31:46 / 31:38
5:15 / 4:58
1:07:22 / 1:06:15
2:47 / 2:48
45:47 / 44:06
2:32:58 / 2:29:46
The conditions today were amazingly similar to last year's (as I recollect them): calm, overcast and mild (around 60). Perfect weather for racing. I thought I put much more effort into the swim this year and look at that huge improvement: 8 seconds! I picked up a little more time on the bike, but really thought a 1:05 was achievable. No complaints about the run, however. I had an Olympic-distance run PR, improving my pace by more than 15 seconds per mile. I was aided by a guy who passed me about halfway through the run. I chased him all the way to the finish line, even as he steadily boosted his pace. He finished four seconds in front of me and afterward I thanked him for pulling me along. Without him, I would have run more conservatively, instead of going 7:17, 7:12, 7:09, 6:59, 6:54, 6:44 for my mile splits. Interesting thing is, it wasn't that bad. I mean, it was a big effort and I was tired when it was over, but I didn't collapse at the finish or anything like that. I wonder if I'll ever collapse at the finish. Is that what I need to convince myself I really gave it everything I've got?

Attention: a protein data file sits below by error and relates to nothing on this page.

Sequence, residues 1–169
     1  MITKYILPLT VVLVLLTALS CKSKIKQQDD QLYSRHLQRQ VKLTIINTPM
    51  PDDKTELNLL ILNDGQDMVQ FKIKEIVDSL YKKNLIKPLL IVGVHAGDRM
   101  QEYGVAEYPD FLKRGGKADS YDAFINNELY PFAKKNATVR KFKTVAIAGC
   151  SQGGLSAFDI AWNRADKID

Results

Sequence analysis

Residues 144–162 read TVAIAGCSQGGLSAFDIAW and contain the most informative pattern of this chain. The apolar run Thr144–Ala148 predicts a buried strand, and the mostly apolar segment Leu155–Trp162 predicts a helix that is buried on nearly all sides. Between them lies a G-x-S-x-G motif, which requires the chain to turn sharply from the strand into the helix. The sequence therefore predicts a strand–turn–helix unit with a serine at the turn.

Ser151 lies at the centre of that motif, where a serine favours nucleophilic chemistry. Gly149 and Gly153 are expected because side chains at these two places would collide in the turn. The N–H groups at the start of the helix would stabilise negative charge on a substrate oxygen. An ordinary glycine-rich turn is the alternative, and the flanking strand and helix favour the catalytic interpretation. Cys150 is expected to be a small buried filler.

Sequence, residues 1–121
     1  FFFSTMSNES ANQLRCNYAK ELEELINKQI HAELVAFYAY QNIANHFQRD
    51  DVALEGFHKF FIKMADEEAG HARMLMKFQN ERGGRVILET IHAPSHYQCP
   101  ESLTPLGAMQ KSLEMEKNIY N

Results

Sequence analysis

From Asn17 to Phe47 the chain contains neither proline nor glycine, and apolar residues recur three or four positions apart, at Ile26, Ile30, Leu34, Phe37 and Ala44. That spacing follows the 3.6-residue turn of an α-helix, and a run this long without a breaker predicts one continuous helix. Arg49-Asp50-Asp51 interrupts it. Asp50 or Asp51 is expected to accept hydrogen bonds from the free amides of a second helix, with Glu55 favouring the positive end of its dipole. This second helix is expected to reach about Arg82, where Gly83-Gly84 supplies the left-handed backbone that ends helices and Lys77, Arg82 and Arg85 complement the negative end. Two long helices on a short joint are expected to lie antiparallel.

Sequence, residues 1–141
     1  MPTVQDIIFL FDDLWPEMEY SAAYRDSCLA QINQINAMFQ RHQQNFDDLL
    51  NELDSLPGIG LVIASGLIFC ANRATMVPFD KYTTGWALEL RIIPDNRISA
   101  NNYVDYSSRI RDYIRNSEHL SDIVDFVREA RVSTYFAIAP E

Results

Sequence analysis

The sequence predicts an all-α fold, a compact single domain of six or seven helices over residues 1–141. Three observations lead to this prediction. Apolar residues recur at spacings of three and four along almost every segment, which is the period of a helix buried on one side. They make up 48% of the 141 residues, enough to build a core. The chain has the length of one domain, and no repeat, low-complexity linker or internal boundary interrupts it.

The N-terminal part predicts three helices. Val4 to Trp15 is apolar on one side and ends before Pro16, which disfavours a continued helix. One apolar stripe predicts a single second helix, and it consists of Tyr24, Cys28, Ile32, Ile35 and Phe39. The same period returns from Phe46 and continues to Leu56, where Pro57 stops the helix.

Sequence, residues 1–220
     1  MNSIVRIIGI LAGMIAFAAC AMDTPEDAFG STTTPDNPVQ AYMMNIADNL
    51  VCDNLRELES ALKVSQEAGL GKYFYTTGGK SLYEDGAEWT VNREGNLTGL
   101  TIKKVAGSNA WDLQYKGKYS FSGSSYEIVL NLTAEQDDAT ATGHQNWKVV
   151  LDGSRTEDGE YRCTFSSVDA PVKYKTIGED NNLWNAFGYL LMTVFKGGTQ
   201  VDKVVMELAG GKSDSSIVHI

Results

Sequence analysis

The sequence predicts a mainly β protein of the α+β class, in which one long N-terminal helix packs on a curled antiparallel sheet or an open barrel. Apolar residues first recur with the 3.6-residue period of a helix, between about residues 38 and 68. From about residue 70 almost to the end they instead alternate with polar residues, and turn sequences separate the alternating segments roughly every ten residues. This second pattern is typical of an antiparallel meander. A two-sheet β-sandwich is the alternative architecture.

Random post-race thoughts ...
- If I ever get serious about racing these shorter-distance triathlons, I'll need to get my shit together on transitions. Today I gave up 2-4 minutes to racers who didn't swim-bike-run any faster than me.
- My swim split was 32nd out of 42 in my age group.
- Bike split: 18/42
- Run split: 8/42
- It just occured to me that the swim is relatively more important at the Olympic distance than it is at the iron distance. The swim (1.5K vs. 4K) is 37.5 percent as long; the bike (40K vs. 180K) is 22.2 percent as long; and the run (10K vs. 42.2K) is 23.7 percent as long. Maybe I should stick with the long stuff?
- My Garmin has never been off by more than a couple of hundreths, and it showed the run course to be a full tenth of a mile too long. Hmm.